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Atoms of the same element that have different numbers of neutrons are called isotopes. Most carbon on Earth exists as the very stable isotope carbon-12, with a very small amount as carbon-13.Here’s an example using the simplest atom, hydrogen. Carbon-14 is an unstable isotope of carbon that will eventually decay at a known rate to become carbon-12.But don't panic — of the 800,000,000,000,000,000,000,000,000 carbon atoms in every one of us, about 800,000,000,000,000 are carbon-14, so we've got a few to spare.Not only that, we top up our carbon-14 levels every time we eat.Everything from the fibres in the Shroud of Turin to Otzi the Iceman has had their birthday determined the carbon-14 way. There's plenty of hydrogen, oxygen and nitrogen in living things too, but carbon's got something none of them do — a radioactive isotope that can take thousands of years to decay.(You can read up on radioactivity and isotopes here).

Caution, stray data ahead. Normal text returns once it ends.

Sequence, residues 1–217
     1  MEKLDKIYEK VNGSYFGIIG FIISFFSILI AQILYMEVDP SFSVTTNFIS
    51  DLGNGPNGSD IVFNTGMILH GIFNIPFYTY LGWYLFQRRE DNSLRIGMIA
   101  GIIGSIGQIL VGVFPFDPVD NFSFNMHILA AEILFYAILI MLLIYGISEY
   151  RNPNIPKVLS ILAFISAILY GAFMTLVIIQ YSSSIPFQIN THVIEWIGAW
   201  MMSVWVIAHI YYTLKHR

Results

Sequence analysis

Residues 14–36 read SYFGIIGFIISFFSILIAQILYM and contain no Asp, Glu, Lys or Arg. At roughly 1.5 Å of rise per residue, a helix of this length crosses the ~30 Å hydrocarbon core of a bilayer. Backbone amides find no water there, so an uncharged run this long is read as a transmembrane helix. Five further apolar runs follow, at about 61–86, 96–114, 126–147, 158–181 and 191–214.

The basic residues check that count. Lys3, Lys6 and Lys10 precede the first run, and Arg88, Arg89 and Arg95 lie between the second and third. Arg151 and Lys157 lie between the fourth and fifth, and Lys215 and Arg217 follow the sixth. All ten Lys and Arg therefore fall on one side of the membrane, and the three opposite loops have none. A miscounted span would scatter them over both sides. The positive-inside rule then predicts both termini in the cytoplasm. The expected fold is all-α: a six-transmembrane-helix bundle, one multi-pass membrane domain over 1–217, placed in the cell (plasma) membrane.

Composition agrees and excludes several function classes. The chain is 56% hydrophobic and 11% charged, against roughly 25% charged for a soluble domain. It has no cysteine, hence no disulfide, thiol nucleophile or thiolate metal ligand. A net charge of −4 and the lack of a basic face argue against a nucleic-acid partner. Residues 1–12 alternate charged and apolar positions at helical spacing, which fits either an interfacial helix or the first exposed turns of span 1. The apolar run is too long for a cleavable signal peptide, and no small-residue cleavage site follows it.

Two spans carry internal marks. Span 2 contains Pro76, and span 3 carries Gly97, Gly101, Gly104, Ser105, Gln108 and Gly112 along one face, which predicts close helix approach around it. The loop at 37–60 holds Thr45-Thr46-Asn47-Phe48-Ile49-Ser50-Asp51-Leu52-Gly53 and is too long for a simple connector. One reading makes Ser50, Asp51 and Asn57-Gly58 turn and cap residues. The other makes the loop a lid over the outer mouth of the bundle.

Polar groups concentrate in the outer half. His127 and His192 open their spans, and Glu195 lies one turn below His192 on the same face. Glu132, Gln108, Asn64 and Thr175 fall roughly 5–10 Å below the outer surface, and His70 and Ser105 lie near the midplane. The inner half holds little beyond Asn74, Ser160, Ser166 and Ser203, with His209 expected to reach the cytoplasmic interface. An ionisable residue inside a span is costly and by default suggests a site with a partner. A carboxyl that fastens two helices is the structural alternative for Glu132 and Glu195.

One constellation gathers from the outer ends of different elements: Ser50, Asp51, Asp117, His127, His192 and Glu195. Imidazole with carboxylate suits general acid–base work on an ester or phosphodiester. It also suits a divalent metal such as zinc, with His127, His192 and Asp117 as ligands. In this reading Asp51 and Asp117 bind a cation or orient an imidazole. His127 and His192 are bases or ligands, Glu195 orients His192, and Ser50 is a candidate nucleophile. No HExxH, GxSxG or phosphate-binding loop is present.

And if the artifact is organic—like wood or bone—researchers can turn to a method called radiocarbon dating.Carbon-14, the radioactive version of carbon, is rare — it only makes up one trillionth of all the carbon in the world.Chemically, carbon-14 is no different from non-radioactive carbon atoms, so it ends up in all the usual carbon places — one trillionth of the carbon atoms in air, plants, animals and us are radioactive.All radioactive atoms eventually decay into something more stable, and carbon-14 decays into nitrogen.For a rare event it happens pretty damn often — one million carbon-14 atoms in your body decay into nitrogen every minute!